Horace, with Virgil, is one of the twin giants of poetry in the time of Augustus. While Virgil was taking the Greek tradition of epic poetry and giving it a new set of completely Roman clothes with the Aeneid, Horace was taking the Greek tradition of lyric poetry that was the established stock-in-trade for much non-epic Roman poetry, and giving it a new and distinctly Roman character.
Also like Virgil in his separate style, Horace used his talent to reference and support the programme of political and social renewal and change that Augustus pursued throughout his long period of supremacy.
Horace was born in Venusia in Apulia, in the South of Italy, in 65 BCE. His father was a freedman, so the family had been slaves in the not too distant past: now he was a free man, making enough money as an auctioneer to give Horace an education including university at Athens. (Social mobility of this kind is an interesting feature of Roman society.) That was where Horace became involved with the losing side, led by Brutus and Cassius, before the battle of Philippi, where he escaped with his life in 42 BCE.
In the aftermath, he is said to have managed to find a civil service job back in Italy to keep the wolf from the door until he was introduced around 39 BCE to Maecenas, whom we have already met as the great literary patron of the age and senior aide to Octavian. That seems to have led to an intimacy which lasted until both died in 8 BCE. The poems are full of grateful and affectionate references to Horace’s friend: gratitude for the “Sabine Farm” which Maecenas gave to Horace is a recurring theme.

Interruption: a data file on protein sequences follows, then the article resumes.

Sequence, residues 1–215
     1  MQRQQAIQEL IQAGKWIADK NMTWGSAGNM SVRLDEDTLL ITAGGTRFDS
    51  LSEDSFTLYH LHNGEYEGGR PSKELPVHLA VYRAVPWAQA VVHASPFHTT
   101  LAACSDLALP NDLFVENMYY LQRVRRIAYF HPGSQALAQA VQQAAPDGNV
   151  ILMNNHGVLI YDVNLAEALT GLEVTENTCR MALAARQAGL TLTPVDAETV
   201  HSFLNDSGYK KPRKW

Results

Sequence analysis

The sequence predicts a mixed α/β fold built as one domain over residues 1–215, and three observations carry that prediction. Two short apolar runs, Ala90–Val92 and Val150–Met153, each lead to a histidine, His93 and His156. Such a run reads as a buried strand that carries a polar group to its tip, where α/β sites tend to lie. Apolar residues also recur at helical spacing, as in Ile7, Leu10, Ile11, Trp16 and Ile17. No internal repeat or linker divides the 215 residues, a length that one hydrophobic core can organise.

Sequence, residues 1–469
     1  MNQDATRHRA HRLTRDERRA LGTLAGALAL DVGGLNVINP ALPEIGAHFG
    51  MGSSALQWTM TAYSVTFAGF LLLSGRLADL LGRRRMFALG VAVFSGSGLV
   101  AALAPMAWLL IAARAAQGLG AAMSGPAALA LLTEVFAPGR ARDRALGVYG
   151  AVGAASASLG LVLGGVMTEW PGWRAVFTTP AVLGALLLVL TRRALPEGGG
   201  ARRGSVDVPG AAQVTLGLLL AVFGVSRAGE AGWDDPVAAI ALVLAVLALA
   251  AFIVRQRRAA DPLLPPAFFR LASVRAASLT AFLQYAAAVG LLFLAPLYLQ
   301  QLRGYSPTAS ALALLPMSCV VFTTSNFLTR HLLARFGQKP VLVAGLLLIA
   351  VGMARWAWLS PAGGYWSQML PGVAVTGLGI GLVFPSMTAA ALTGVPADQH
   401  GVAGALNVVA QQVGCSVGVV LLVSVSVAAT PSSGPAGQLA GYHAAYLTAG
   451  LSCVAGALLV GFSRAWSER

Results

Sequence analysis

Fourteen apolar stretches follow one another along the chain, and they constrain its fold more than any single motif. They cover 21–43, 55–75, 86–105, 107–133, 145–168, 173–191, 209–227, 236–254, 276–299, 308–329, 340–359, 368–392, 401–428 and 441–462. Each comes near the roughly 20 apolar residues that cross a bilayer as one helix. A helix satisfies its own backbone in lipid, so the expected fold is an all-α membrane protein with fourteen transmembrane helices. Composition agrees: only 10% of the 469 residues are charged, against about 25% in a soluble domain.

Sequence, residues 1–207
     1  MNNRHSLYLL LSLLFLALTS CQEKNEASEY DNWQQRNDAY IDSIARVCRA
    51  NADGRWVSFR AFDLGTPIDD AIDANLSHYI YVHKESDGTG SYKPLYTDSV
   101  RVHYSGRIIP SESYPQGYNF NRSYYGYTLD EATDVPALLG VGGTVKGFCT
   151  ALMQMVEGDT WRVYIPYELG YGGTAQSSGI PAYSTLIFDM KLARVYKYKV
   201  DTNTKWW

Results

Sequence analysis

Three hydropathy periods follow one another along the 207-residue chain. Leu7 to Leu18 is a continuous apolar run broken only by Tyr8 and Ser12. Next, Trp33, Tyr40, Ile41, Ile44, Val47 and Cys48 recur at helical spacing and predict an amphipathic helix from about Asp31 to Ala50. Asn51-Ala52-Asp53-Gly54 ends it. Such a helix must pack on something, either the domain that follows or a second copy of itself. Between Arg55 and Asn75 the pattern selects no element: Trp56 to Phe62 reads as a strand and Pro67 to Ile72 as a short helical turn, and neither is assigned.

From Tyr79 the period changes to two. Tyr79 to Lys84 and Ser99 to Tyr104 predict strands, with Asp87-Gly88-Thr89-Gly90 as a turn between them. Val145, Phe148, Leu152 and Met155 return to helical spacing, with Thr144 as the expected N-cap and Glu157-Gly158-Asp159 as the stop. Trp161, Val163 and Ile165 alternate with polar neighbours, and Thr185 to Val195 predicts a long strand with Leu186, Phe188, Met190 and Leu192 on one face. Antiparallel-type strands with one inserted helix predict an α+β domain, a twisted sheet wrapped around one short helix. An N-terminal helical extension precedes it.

Horace’s reputation chiefly rests on his four collections of Odes, or lyric poems, the first three of which appeared between 30 and about 23 BCE and the fourth after a long interval in about 13 BCE. His other work is of high, but not comparable, quality and interest. Some find his self-regard, submission to the prevailing political régime and technical formalism off-putting. They may have a point, but his ability to put his finger on a point with perfect economy and emotional power, and the delicacy and flair with which he uses Greek verse forms, make him unique. He is one of the great poets of any age, but one of the hardest to appreciate solely through translations, which can reproduce his words, but not the musicality and beauty of the metrical effects which are essential to his art.
See and hear Pantheon Poets’ full selection of Horace’s Odes in Book order here.
No contemporary copies of these Latin poets’ work survive, so we are lucky to have them. Find out more here.